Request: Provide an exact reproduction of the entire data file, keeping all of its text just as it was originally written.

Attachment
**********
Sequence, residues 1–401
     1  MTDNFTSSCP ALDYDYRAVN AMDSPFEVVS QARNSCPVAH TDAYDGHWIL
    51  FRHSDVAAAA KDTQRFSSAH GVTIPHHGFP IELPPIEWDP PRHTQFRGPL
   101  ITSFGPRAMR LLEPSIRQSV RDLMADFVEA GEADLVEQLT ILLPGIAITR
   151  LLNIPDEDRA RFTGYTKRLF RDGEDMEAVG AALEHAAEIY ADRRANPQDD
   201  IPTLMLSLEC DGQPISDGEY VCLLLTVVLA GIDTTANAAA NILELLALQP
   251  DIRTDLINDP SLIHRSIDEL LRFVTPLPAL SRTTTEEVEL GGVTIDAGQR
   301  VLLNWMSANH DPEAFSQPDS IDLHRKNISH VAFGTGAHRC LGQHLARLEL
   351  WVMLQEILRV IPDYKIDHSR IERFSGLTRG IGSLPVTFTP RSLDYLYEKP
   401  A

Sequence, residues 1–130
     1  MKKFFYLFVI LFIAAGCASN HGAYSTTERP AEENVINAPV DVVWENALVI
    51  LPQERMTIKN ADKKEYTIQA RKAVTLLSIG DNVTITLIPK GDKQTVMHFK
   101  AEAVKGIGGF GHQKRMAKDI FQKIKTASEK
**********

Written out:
Sequence, residues 1–401
     1  MTDNFTSSCP ALDYDYRAVN AMDSPFEVVS QARNSCPVAH TDAYDGHWIL
    51  FRHSDVAAAA KDTQRFSSAH GVTIPHHGFP IELPPIEWDP PRHTQFRGPL
   101  ITSFGPRAMR LLEPSIRQSV RDLMADFVEA GEADLVEQLT ILLPGIAITR
   151  LLNIPDEDRA RFTGYTKRLF RDGEDMEAVG AALEHAAEIY ADRRANPQDD
   201  IPTLMLSLEC DGQPISDGEY VCLLLTVVLA GIDTTANAAA NILELLALQP
   251  DIRTDLINDP SLIHRSIDEL LRFVTPLPAL SRTTTEEVEL GGVTIDAGQR
   301  VLLNWMSANH DPEAFSQPDS IDLHRKNISH VAFGTGAHRC LGQHLARLEL
   351  WVMLQEILRV IPDYKIDHSR IERFSGLTRG IGSLPVTFTP RSLDYLYEKP
   401  A

Sequence, residues 1–130
     1  MKKFFYLFVI LFIAAGCASN HGAYSTTERP AEENVINAPV DVVWENALVI
    51  LPQERMTIKN ADKKEYTIQA RKAVTLLSIG DNVTITLIPK GDKQTVMHFK
   101  AEAVKGIGGF GHQKRMAKDI FQKIKTASEK